There is a belief that special services don’t collect users’ personal information, that they just don’t have any vested interest in it, that its analysis takes a lot of time while its value is minimal. Well, Snowden’s leaks revealed that U.S. NSA didn’t just collect but also passed private information to the special services of other countries. For instance, the US special services shared the information about Americans citizens who came from Palestine and Arab countries, who have relatives in the Middle East, including the information about their sexual orientation, family and health issues. This data wasn’t gathered by web crawlers, it was collected manually by phone tapping and often subsequently used to coerce a person into cooperation with the special services.
Surely, the representatives of special services will largely deny the existence of the total surveillance secret program as long as they can. New Zealand's former Prime Minister John Key denied any abuse of New Zealanders’ communications by Government Communications Security Bureau (GCSB). At the same time Edward Snowden revealed that he "routinely came cross the communications of New Zealanders" while working with the US NSA secret mass surveillance tool and called all the “denials” outright lying.
Though this chapter brings out some unpleasant news, there’s definitely something you can do: using the tips and recommendations in this course will help you stand up to PRISM and other analogous tools developed by special agencies as well as to any other people interested in accessing your personal information. Now PRISM is already history but used as a metonym for similar programs.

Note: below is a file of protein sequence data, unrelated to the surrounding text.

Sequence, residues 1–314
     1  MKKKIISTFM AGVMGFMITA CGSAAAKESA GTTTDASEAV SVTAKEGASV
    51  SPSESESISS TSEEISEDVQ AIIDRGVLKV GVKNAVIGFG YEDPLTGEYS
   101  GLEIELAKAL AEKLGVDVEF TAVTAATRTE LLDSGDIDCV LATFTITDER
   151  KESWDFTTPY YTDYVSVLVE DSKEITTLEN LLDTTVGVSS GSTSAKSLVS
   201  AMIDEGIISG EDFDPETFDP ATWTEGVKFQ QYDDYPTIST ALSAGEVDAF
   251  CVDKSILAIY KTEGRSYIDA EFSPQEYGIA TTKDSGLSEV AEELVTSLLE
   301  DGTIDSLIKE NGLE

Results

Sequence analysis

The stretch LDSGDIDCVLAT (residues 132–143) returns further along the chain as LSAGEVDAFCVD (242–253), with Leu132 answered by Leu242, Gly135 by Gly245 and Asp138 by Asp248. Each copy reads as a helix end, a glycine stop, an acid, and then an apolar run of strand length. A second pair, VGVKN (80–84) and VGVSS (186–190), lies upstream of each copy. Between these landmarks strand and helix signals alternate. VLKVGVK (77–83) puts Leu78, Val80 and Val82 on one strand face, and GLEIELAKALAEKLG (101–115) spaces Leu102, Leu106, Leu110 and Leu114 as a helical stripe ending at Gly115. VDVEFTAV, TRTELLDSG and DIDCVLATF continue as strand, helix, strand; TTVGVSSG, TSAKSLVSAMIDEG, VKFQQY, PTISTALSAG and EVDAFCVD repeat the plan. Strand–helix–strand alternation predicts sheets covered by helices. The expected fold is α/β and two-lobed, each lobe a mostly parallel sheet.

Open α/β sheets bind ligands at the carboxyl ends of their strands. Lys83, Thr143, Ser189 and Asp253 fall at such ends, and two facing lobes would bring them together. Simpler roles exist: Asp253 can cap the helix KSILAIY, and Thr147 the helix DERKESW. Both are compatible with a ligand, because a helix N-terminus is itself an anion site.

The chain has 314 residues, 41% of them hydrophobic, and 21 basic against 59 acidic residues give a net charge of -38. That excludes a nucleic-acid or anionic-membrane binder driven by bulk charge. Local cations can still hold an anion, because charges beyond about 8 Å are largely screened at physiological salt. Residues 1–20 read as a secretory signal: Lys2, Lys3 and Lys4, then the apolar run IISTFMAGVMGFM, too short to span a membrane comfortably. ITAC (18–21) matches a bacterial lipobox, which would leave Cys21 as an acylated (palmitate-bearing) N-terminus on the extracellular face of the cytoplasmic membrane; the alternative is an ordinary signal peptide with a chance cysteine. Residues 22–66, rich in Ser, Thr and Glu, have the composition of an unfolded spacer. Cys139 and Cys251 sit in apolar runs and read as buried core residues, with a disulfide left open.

On account of impartiality… Many threats to the society are impossible to eliminate without total control. We all want to live in a safe and stable society, we are interested in the total victory of law enforcement over terrorism, organized crime, the majority of citizens do not wish revolutions and social unrest. Total surveillance and control are capable of destroying corruption and shadow economy which in turn would help solve a host of problems and make our life comfortable and safer.
Many people see special services’ surveillance as an inherently bad thing, in my mind – this is not so. There is no absolute good or evil, black and white, there are only points of view and convictions, and I believe that the right to be anonymous and free from control and surveillance is more important than the benefits of total control. If you share this viewpoint, this course is intended for you, if you don’t – this is your choice, and I fully respect it.
NSA, FSB and other special services, caught a lot of criminals, arrested or eliminated extremely dangerous terrorists, cut channels for legalization of revenue obtained illicitly. I am thankful to special services for their dedication and professionalism that make my life and those of my family members safe. Still, I am unwilling to sacrifice my right to privacy for it.
Interview widget: Do you approve total surveillance for the sake of safety?